synaptic plasticity; short-term plasticity; long-term plasticity; sequence learning; spiking neuron model; recurrent network
Blom Sigrid, Pfister Jean-Pascal, Senn Walter, Nevian Thomas (2014), Nerve injury-induced neuropathic pain causes disinhibition of the anterior cingulate cortex, in Journal of Neuroscience
, 34(17), 5754-5764.
Surace Simone Carlo, Pfister Jean-Pascal (2013), Adaptive Gaussian Poisson process: a model for in vivo neuronal dy- namics, in Cosyne Abstracts 2013, Salt Lake City USA.
Brea Johanni, Senn Walter, Pfister Jean-Pascal (2013), Learning Activity Patterns in Recurrent Networks of Visible and Hidden Spiking Neurons, in Cosyne Abstracts 2013, Salt Lake City USA.
Brea Johanni, Senn Walter, Pfister Jean-Pascal (2013), Matching recall and storage in sequence learning with spiking neural networks., in The Journal of neuroscience : the official journal of the Society for Neuroscience
, 33(23), 9565-75.
Pfister Jean-Pascal (2011), A triplet spike-timing-dependent plasticity model generalizes the Bienenstock-Cooper-Munro rule to higher-order spatiotemporal correlations., in PNAS
, 108(48), 19383-19388.
Brea Johanni, Senn Walter, Pfister Jean-Pascal (2011), Sequence learning with hidden units in spiking neural networks, in Advances in Neural Information Processing Systems
, 24, 1422-1430.
Surace Simone, Pfister Jean-Pascal, Normative theory of STP predicts a link between short-term facilitation and refractoriness, in Cosyne Abstracts 2014, Salt Lake City USA.
Senn Walter, Pfister Jean-Pascal, Reinforcement Learning in Cortical Networks, in Encyclopedia of Computational Neuroscience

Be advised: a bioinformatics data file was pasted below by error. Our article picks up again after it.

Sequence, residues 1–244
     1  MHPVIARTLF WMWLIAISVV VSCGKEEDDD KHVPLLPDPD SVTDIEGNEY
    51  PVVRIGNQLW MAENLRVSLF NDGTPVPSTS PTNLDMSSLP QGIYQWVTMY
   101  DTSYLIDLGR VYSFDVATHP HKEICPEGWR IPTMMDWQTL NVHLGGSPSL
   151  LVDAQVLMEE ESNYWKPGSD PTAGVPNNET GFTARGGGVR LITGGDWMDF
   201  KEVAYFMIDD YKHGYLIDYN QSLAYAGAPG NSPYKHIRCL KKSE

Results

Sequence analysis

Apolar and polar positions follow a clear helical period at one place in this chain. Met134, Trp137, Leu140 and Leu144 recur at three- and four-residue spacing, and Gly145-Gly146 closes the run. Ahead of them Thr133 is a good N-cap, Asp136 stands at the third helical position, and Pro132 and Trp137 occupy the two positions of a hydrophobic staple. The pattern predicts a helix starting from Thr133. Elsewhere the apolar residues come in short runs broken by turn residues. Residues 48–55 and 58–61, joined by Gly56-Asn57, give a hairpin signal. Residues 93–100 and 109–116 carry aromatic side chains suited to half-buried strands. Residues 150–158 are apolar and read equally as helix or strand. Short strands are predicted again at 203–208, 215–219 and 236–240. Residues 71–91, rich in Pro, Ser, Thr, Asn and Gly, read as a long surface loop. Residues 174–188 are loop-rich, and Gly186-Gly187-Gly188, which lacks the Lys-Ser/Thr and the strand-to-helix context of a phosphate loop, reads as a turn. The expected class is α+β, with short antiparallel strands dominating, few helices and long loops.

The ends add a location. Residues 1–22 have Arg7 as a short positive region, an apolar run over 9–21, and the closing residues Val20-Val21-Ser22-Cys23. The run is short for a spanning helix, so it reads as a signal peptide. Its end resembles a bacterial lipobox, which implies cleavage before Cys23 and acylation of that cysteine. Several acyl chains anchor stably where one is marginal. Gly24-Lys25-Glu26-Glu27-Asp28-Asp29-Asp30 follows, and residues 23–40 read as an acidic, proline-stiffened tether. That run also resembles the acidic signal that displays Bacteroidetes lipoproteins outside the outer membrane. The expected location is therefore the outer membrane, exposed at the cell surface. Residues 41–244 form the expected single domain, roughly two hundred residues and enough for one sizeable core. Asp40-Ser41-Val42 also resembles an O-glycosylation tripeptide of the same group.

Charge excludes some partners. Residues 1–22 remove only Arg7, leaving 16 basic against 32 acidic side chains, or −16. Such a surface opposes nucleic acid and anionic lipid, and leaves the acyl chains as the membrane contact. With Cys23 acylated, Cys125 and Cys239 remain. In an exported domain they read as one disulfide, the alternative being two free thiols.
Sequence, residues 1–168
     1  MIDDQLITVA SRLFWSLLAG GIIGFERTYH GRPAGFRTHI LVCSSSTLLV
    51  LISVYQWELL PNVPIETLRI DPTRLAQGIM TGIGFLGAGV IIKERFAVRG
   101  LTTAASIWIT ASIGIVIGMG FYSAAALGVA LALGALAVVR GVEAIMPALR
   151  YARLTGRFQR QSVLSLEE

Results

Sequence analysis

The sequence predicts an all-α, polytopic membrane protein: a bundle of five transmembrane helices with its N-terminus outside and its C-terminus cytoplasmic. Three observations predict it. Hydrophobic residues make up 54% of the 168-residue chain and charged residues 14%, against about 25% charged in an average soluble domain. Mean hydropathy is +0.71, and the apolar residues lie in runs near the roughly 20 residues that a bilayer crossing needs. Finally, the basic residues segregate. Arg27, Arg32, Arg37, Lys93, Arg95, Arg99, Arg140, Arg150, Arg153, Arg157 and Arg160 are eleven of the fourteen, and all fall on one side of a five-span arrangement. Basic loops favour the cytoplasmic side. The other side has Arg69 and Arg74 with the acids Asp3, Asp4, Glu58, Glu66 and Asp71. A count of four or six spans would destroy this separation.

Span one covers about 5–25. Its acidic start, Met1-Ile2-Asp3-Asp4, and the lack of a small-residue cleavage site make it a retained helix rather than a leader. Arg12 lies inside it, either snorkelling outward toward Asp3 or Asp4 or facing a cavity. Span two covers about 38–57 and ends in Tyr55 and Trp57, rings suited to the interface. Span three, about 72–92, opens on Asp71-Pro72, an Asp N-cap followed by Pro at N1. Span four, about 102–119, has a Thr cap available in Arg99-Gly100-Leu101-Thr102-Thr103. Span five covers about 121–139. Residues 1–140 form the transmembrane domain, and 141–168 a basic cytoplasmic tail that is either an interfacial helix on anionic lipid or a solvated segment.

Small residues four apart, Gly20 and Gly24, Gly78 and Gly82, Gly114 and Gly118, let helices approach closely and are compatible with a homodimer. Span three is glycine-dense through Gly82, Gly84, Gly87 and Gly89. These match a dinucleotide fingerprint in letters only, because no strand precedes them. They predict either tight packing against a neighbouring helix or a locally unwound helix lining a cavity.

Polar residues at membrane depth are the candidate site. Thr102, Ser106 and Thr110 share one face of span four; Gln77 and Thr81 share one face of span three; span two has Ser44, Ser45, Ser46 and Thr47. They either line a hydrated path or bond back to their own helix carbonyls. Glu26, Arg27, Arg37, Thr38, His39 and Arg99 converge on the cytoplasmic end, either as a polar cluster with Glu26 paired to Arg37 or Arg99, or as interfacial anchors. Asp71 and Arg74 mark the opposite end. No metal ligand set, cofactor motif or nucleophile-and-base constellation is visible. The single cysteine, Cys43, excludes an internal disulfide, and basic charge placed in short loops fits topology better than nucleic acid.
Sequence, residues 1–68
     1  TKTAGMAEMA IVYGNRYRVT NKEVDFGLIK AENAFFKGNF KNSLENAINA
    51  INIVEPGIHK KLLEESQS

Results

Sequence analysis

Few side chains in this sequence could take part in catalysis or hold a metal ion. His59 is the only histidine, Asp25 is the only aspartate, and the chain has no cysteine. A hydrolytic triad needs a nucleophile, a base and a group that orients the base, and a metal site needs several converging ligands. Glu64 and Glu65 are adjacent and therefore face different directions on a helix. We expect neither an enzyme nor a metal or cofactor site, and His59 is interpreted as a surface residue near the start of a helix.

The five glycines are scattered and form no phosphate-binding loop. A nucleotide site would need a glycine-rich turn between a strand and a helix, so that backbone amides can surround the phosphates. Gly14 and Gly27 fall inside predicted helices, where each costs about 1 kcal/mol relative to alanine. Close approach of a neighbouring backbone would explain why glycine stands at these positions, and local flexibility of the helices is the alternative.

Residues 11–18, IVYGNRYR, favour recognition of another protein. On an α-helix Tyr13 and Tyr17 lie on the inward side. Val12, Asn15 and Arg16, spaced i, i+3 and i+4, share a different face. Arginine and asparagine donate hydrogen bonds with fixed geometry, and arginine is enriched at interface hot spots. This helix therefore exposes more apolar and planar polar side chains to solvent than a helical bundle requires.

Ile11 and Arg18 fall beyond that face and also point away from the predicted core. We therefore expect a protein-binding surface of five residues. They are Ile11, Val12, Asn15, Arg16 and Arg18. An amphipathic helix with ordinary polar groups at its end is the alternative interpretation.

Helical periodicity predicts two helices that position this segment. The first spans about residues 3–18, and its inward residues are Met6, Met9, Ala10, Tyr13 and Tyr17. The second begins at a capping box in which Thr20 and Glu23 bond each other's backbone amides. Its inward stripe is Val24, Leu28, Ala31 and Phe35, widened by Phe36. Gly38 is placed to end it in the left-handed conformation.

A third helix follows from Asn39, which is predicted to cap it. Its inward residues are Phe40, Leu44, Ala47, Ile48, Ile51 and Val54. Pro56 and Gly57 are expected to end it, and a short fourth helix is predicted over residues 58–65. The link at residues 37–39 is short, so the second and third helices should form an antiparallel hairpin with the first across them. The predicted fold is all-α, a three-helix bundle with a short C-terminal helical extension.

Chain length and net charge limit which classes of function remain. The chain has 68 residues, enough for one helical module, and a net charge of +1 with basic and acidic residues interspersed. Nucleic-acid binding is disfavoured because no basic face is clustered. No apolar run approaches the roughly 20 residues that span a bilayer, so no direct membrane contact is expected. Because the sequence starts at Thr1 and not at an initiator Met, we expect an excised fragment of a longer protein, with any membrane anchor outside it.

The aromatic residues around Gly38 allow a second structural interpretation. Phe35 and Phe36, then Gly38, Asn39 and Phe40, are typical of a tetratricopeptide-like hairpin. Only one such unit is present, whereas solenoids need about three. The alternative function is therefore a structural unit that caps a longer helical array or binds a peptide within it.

Learning and memory are the crucial processes by which our past experiences influence our present decisions. Despite their fundamental importance, we do not yet fully understand the behavior of synapses (the connections between neurons) which are widely believed to underlie learning and memory. Indeed synapses are highly dynamical elements with time constants from the millisecond range up to the hour or days range. Another source of complexity is that the biophysical processes underlying synaptic dynamics are mediated by more than hundred different proteins. Instead of studying synaptic dynamics from a bottom-up (biophysical) perspective, we will follow a top-down (normative) approach which has encountered an increasing success during the last 50 years. Indeed, this approach seems better suited if we want to better understand the functions of synaptic transmission and plasticity and not get lost in a mass of irrelevant details. Here, we propose two different projects that strive to understand the computational principles that govern synaptic plasticity across multiple time scales.The first project (that will be carried out by the PhD student) aims to link short-term plasticity and long-term plasticity. We will start from a normative model of short-term plasticity that we recently developed. This model sees short-term plasticity as an optimal (Bayesian) estimator of the presynaptic membrane potential. We will first validate this model with in vivo data that will be collected in Hahnloser's lab in Zurich. Then we will extend it in two different directions that will both include long-term aspects. First, we will relax the assumption that the synapse knows a priori the statistics of the presynaptic membrane potential. As a consequence the synapse must learn, at a slower time scale, the parameters describing the presynaptic dynamics. The second extension will be to assume that the task of the synapse is to estimate a (potentially non-linear) function of both the presynaptic membrane potential and the long-term weight. As a consequence, in this framework, the induction of long-term potentiation or long-term depression influences the short-term properties of the synapse. This formalism leads to directly testable predictions on the interaction between short-term and long-term plasticity.The second project aims to develop a normative model for temporal sequence learning in spiking recurrent networks. Indeed, several brain systems need to be able to store and recall precise sequence of spikes. For example, the juvenile songbirds learn a song from their fathers and reproduce it for the rest of their lives. As a consequence, juvenile songbirds must learn a stereotypical spiking pattern that will eventually produce the father's song. Here we will address this problem from a general perspective. Instead of learning a specific spiking temporal sequence, the recurrent network will learn a distribution of sequences. We will also derive the conditions under which the recall dynamics is stable. Finally, we will calculate the storage capacity of such networks.